What is depression though? How do we even recognise? What help is available?
It is important to distinguish that from time to time, we all have moments of feeling a little “blue”. These moments do not immediately signify that a condition of depression is present. However, persistent and common symptoms and feelings of a depressed state may include:
• Feeling constantly sad, angry, irritable
• Seeing yourself as worthless and not adding value in life in general
• Feeling like you don’t measure up or add value to anything
• Feeling hopeless and helpless
• Either sleeping too much or too little and exhausted all the time
• Physical symptoms of frequent stomach cramps
• Frequent headaches
• Dropping grades at school/college/university
• Loss of appetite, energy, concentration
• Thinking often about death and suicide (please talk to someone as soon as you experience this)
There may be other reasons for the symptoms highlighted that are not depression – related and while there may be many more symptoms, it should not be ignored. Help can be found. Help is available.
Studies reflect that triggers of depression may be linked to life events such as loss of a loved one, drugs and side -effects of medical treatments, sexual abuse, mental and psychological issues, poverty, exposure to violence, abuse and even prevalent school – going conditions. Lack of identification and necessary support needed can cause a depressed person to think about and consider death and suicide more often. According to the World Health Organisation, suicide is the second leading cause of death among 15 – 29 year olds . This is a serious concern and the earlier the detection of depression, the earlier vital support and where necessary, treatment is initiated and provided.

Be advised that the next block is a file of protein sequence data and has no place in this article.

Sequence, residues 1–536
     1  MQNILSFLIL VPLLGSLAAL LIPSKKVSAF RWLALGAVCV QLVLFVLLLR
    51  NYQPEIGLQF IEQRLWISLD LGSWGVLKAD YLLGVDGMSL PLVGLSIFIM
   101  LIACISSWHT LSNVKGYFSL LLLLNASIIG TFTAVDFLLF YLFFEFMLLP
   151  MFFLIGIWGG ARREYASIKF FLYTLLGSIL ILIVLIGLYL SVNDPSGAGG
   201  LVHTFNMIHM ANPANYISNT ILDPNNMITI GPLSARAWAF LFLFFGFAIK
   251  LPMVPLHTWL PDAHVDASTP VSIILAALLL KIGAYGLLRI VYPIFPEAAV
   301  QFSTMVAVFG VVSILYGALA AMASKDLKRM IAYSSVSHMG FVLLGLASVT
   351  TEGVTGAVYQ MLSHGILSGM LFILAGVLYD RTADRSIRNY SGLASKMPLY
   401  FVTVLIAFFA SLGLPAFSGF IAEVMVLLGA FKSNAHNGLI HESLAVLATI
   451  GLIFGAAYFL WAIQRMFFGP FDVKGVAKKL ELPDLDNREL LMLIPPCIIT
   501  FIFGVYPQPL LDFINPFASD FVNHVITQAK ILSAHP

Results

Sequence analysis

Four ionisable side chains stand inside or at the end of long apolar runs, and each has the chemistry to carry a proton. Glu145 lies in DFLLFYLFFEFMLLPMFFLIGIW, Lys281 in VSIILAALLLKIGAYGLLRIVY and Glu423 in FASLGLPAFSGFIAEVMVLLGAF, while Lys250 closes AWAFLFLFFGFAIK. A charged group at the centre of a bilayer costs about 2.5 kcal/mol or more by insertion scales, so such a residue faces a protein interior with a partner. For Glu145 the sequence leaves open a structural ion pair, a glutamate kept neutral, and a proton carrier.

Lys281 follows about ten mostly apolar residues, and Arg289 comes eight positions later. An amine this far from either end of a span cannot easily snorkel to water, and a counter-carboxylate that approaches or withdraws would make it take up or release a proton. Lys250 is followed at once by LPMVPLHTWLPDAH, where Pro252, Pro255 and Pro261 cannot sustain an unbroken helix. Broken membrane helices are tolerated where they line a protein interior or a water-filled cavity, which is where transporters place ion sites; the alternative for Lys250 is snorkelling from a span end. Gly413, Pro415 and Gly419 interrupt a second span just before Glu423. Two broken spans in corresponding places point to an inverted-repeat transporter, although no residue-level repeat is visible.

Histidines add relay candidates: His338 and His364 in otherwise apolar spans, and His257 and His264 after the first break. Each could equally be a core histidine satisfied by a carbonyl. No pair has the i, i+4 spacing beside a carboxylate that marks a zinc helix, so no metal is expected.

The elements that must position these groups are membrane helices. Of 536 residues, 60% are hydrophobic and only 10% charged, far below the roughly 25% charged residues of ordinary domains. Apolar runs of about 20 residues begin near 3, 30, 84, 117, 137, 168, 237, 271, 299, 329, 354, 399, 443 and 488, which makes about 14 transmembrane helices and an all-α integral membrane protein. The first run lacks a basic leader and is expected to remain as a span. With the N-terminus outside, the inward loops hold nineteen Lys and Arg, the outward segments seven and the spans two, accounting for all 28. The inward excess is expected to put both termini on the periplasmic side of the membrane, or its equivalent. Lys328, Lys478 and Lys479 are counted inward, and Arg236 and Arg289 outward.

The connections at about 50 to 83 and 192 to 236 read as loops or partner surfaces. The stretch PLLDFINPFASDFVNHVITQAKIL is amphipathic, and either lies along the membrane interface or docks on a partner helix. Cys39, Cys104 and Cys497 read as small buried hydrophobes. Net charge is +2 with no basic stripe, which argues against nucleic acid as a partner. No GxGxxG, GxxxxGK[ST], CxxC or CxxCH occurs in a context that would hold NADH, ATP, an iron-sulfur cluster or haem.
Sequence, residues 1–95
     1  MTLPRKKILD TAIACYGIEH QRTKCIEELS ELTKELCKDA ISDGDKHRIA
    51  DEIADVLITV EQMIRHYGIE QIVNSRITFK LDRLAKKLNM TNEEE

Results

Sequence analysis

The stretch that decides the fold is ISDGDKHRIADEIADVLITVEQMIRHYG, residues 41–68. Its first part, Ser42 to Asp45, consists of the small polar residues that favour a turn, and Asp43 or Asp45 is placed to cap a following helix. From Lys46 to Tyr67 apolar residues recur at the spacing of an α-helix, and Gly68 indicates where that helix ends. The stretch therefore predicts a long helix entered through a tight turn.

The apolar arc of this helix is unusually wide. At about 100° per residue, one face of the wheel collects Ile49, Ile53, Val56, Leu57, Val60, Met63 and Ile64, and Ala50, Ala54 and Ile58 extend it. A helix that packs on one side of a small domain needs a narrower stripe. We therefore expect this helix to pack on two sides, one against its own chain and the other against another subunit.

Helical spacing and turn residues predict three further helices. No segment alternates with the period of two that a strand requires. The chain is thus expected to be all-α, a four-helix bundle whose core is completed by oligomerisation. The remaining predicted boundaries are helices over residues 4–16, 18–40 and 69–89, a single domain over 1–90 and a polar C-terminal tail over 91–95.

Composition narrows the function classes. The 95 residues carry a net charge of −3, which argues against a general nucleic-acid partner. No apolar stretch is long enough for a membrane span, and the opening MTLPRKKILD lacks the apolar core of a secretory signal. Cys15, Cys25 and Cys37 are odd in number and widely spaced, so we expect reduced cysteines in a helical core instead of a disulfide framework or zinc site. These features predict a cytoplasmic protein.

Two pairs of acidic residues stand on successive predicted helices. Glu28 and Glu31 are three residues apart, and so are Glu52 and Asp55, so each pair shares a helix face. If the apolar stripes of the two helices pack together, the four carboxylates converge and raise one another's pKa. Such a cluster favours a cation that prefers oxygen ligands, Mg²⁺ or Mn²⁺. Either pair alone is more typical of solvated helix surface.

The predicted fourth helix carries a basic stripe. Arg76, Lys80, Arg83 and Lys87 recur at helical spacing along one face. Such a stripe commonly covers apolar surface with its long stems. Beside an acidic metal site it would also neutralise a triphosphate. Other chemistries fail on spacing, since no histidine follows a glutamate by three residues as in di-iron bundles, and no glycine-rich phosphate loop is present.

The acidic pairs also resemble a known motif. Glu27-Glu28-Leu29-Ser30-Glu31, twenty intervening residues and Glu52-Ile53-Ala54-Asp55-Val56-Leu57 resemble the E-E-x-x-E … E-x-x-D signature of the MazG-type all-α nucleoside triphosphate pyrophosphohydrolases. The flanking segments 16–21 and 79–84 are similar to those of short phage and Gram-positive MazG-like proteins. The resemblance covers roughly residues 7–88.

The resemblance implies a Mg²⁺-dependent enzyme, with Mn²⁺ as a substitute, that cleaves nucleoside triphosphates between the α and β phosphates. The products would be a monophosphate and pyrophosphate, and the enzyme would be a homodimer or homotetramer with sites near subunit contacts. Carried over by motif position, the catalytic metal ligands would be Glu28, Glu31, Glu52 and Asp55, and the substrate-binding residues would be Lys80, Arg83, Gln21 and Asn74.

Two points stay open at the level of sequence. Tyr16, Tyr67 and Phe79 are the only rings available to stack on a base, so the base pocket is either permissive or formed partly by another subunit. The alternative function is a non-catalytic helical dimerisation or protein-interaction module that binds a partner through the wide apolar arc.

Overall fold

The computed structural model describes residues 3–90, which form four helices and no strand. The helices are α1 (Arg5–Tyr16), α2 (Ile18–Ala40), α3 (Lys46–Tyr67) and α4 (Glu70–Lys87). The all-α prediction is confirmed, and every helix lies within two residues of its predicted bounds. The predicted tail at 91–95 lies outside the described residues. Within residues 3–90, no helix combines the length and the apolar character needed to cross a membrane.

If you are experiencing symptoms of depression, here are some suggestions to help you through it:
• Admit to yourself that you are down. There is no shame in that.
• Even when you may not feel like it, try to focus on something good.
• Connect with people, start doing stuff you used to enjoy
• Take a walk, move yourself. Exercise. Even if you may not feel like it
• Find ways to de-stress. Write, go for a massage, play games or sport
Essentially, we need to be ever more mindful that a healthy society is a more economically productive one. So how do we do this? Get our society to a healthy state emotionally, physically, mentally and spiritually to equip us to be well-balanced and productive people? Understanding that we do matter.
Although there are no quick-fix solutions to depression, start with basic support steps as guided by the World of Psychology:
• Be there – Affirm people and remind them they are important
• Try small gestures – This helps to create connection
• Avoid criticising and judging – this can isolate even more
• Don’t minimise the pain- it is personal and real. With time and support, healthy coping skills can be developed
• Ask what can be done to better help – this may provide an opportunity for the person to start to respond
• Learn about depression to gain better understanding – information helps
• Exercise patience – for it gives hope
Although these are suggestions for basic support steps, it is important to seek professional help as well to facilitate the journey of identification and healing.
Find community and faith-based organisations within your communities who can assist or direct individuals with information on toll-free helplines and access to counselling centres.
Let’s talk. Just by sharing, a burden may be lessened.